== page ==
Say you've got four 4s -- 4, 4, 4, 4 -- and you're allowed to place any normal math symbols around them. How many different numbers can you make? It's best to think of a number and then try to make it.

The origination of the puzzle and some examples are in this video

I'm not quite certain if this is allowed by the problem such as using variable x, such as using standard symbols and four 4s as numbers...
But Pi can be gotten in certain ways

##lim_{x-> -1^{+}} =cos^{-1}(x)##

I'm not sure if cos^{-1} was defined exactluy at the value of (-1)

so that might be something like cos^{-4/4}(-4/4)= pi

It would appear so (and mine above could also be considered partially humour), but isn't solving an equation like inverting an operator or a function? Thus cosistent with:

And it is not limited by the video, or the original post [but since the OP sais now so we can now perhaps put it as a restriction ... (?)].

For example (aside/[or plus] the fact that functions can be considered as operarors, and operators are essentially functions):

If x is any real number (say π), and f any invertable real function (to avoid regular or perplexity form plain equations), and it happens that a number A which is directly/easily or else consructed by the 4 4s (say 4444) is related to x as A = f(x), then x = f^{-1}(A)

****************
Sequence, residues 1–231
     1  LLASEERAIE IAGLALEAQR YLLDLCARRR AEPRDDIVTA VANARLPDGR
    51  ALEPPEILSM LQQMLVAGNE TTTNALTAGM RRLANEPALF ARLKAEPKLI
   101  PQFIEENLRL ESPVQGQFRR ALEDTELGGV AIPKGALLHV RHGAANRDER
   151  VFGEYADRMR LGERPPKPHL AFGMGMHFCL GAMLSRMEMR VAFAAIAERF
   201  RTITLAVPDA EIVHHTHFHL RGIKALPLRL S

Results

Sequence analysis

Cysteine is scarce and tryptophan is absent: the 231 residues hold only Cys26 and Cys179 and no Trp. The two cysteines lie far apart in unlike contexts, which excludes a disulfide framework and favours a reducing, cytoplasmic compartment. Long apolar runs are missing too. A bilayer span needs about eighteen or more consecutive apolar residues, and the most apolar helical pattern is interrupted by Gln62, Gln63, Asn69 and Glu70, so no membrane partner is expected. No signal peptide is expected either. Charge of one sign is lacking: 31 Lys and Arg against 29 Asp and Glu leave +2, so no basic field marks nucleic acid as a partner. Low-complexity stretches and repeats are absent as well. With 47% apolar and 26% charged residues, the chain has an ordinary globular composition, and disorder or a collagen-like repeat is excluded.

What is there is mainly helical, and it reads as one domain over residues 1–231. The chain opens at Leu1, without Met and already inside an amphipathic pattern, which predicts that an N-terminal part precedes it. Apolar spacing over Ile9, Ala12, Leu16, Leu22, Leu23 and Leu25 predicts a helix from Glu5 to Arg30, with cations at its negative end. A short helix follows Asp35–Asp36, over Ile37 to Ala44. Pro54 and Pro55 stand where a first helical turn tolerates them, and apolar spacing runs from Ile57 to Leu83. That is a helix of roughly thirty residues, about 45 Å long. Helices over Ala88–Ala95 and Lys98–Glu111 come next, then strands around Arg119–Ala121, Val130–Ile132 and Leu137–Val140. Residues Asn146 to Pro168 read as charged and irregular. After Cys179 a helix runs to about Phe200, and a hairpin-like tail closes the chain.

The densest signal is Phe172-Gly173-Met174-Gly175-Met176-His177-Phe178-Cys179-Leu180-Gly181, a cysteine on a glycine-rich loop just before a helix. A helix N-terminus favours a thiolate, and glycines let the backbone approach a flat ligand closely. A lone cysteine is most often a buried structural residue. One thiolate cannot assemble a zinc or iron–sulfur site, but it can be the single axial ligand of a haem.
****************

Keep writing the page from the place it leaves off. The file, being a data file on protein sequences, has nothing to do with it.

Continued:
[e.g. x (or e.g. π) = f^{-1}(4444), and that's true for any [invertable] function f (providing it satisfies A = f(x) ) (e.g. a•x, sin, cos, exp, ln, log etc.) - just pick an appropriate one and be my guest! ...]

That's what I essentially did above, e.g.

where f(x) = (1/C)•x, A = 4444, and mfb did essentially the same with cos and arccos

since arccos = cos^{-1} ...

So are we joking or serious? I am a bit confused.

My opinion is that the problem on the video etc. is either trivial or one would have to put explicitly more restrictions, namely to the basic functions and operations only, with no arbitrary constants (other than the 4 4s and their obvious basic step derivatives).
[In other words functions e.g. like a•x, or a•cosx ... are not allowed, unless a=1 ... etc., otherwise one can do anything - it's trivial]

So the problem is not the variables but the arbitrary constants.

There is nothing inverse about it. The arccosine is a regular function (in more than one way). The cosine (restricted to [0,pi]) is the inverse function of the arccosine. And now?

But one has to define explicitly which functions are allowed to build from, and if inversing is allowed. (+see my edited posts above about arbitrariness of constants) But in any case I think your's is ok. I just wasn't sure if you were serious or not.